Tele-what? You know all those services that have always been in-person – but then weren’t for a while due to the Coronavirus and sheltering-in-place? Things like going to the dentist, getting your haircut, getting your car fixed, going to a lawyer? Well, you won’t believe how many of these, and more, are now available online. Jennifer Jolly, tech & life columnist explains how you can access these services:
Let’s start with Telemedicine apps. Dozens of sites and apps now connect people to doctors, nurses, psychiatrists, specialists, and therapists via text, phone, or by video chat. Many of those services have been around for more than a decade, but they’ve only gone mainstream in the past few months. Apps such as Doctor on Demand, HealthTap, Teladoc, Amwell, and others that provide virtual physician visits through an online platform or patient portal have experienced a 400% to 800% uptick in traffic since the pandemic began. Most of these services take insurance and provide same-day visits with a medical professional.
A site called JustAnswer offers a whole host of virtual help for just about everything! It has 12,000 + experts in more than 700 different categories including auto and boat mechanics, DIY appliance repair, lawyers, accounts, veterinarians, and even antique appraisers.
The way it works is simple; log in, type your question and within a few minutes you’re chatting or talking with a highly-vetted expert. It costs about $5 dollars to join and $40/month to ask unlimited questions.
Top trending questions on the site right now include a massive uptick around DIY projects, such as, “how to fix my boat up because summer’s here,” or “I need help fixing my broken washing machine or dishwasher.” Another big category right now is antique appraisals too.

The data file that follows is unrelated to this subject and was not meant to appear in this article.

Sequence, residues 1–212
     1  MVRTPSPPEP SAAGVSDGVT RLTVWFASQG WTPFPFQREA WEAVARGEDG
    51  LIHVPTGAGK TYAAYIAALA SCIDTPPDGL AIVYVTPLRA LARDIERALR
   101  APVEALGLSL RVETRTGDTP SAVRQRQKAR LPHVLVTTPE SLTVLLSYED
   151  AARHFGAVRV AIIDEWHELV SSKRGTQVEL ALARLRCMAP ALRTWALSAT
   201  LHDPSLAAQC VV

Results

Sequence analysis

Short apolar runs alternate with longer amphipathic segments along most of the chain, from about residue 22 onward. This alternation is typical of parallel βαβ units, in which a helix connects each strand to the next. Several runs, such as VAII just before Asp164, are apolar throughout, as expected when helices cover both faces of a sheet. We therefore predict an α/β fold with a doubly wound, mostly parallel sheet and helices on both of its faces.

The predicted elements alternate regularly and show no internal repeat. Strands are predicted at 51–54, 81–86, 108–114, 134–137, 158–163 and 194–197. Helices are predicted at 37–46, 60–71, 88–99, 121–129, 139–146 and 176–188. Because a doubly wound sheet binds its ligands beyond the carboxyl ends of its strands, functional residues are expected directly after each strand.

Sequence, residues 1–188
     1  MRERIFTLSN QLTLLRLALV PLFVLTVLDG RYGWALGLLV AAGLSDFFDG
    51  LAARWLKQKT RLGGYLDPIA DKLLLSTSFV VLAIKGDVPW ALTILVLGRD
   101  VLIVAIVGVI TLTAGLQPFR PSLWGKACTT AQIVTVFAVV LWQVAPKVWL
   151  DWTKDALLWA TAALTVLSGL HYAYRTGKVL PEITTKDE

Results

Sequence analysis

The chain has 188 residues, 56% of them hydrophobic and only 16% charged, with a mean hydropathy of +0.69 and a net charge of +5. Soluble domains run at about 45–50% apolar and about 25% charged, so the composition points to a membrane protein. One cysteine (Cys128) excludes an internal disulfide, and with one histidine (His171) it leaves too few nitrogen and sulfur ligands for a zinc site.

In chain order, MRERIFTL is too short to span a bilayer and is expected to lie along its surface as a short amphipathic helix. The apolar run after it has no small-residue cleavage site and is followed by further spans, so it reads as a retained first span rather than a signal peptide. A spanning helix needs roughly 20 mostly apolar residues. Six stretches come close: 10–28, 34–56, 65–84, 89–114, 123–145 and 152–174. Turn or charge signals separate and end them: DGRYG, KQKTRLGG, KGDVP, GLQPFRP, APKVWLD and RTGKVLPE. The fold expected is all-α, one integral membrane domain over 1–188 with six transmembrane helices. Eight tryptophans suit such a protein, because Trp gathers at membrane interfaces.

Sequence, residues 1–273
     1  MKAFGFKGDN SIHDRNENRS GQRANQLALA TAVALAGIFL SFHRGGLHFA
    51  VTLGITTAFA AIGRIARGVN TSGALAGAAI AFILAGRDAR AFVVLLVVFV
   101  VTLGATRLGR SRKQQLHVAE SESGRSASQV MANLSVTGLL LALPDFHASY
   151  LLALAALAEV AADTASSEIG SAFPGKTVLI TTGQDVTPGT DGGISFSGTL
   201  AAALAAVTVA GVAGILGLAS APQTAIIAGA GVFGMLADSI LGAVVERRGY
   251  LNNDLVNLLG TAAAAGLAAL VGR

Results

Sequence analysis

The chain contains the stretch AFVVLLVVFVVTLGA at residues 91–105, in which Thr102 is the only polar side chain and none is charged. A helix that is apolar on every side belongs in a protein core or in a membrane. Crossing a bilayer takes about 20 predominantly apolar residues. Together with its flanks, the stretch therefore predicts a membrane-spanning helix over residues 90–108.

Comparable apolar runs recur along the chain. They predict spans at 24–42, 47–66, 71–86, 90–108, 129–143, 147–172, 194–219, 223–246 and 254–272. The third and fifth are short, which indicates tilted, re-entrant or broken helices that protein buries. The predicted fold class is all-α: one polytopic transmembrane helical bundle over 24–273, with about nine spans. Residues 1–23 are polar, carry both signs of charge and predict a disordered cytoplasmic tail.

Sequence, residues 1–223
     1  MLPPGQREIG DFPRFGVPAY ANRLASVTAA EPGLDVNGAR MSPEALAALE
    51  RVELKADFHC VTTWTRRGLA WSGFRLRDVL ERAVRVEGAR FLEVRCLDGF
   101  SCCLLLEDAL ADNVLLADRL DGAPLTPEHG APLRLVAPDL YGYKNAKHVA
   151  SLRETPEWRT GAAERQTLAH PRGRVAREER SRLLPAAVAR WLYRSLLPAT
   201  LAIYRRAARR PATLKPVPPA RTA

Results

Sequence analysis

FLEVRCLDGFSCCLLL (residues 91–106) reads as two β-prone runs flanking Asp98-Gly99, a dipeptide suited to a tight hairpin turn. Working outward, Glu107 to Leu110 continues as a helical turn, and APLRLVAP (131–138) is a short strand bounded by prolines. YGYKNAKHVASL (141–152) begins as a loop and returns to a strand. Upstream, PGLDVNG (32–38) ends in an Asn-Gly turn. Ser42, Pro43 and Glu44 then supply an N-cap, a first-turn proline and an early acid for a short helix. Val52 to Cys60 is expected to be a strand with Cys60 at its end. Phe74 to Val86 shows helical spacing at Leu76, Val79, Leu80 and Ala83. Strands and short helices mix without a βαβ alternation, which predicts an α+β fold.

I just finished a story around people spending more time at home and cleaning out old closets, garages, and storage spaces, where they’ve found old coins, dolls, books, piano’s, costume jewelry, and even paintings. They snap a quick pic or two of them and ask an appraisal expert at JustAnswer what they might be worth. Guess what? Within the last few weeks a man in Wisconsin found out an old painting handed down from his father that’s been in his closet for more than a decade. Turns out, it could be a lost master painting potentially worth $3 million dollars! He almost threw it away!
The site moderator said they’re fielding around 4,000 appraisal questions each week. In addition to that incredible painting, one rare book recently appraised at $45,000, and even an old five-dollar bill that Elvis Presley signed is worth $3,000. All of the people who inquired about their goods were shocked at the potential value.
Virtual babysitting is something I never expected to see available online. There’s a site called sittercity.com that connects you with a trained, vetted sitter. Of course, a virtual sitter is not the same thing as in-person babysitting. They can engage children digitally for a short period of time, but it’s not a replacement for physical care.
Virtual babysitters can’t change a baby’s diapers, tuck a preschooler into bed or chase an unruly toddler around the house. But screen-based caregivers can entertain kids and give parents short breaks. SitterCity says they’ve had an influx of parents asking for help because both mom and dad are trying to get work done from home or to play games or read stories to kids in the evenings while parents eat dinner together or have a drink in the backyard.
Trackers Earth, an Oregon-based outdoor-adventure camp company, was among the first to take its after-school and summer classes online shortly after shelter-in-place orders left many parents – and kids – desperate for options. It named the virtual options Trackers Spark and I’ve actually taken a few of them. These are live, small-group interactive webinars — usually a ratio of one teacher or guide for a maximum of twelve students. The courses are tailored to kids ages four to 14, and they offer just about every area of interest you could think of, from outdoor safety and survival to arts and crafts, even role-playing and lighthearted “secret agent” training. Most online camps are 30 minutes to an hour in length and run $5 to $25 for a single class, with discounts if parents buy them as a series.
The website You Probably Need a Haircut lets people book a video call with a professional barber for $18. To do this you need the right tools — the site tells you to find or buy a decent pair of haircutting scissors or razor for men’s, women’s or kid’s haircut, then you book an appointment online. When it’s your appointment time, you jump on a video call with a stylist who coaches you, or your friend or family member, through giving you a haircut.
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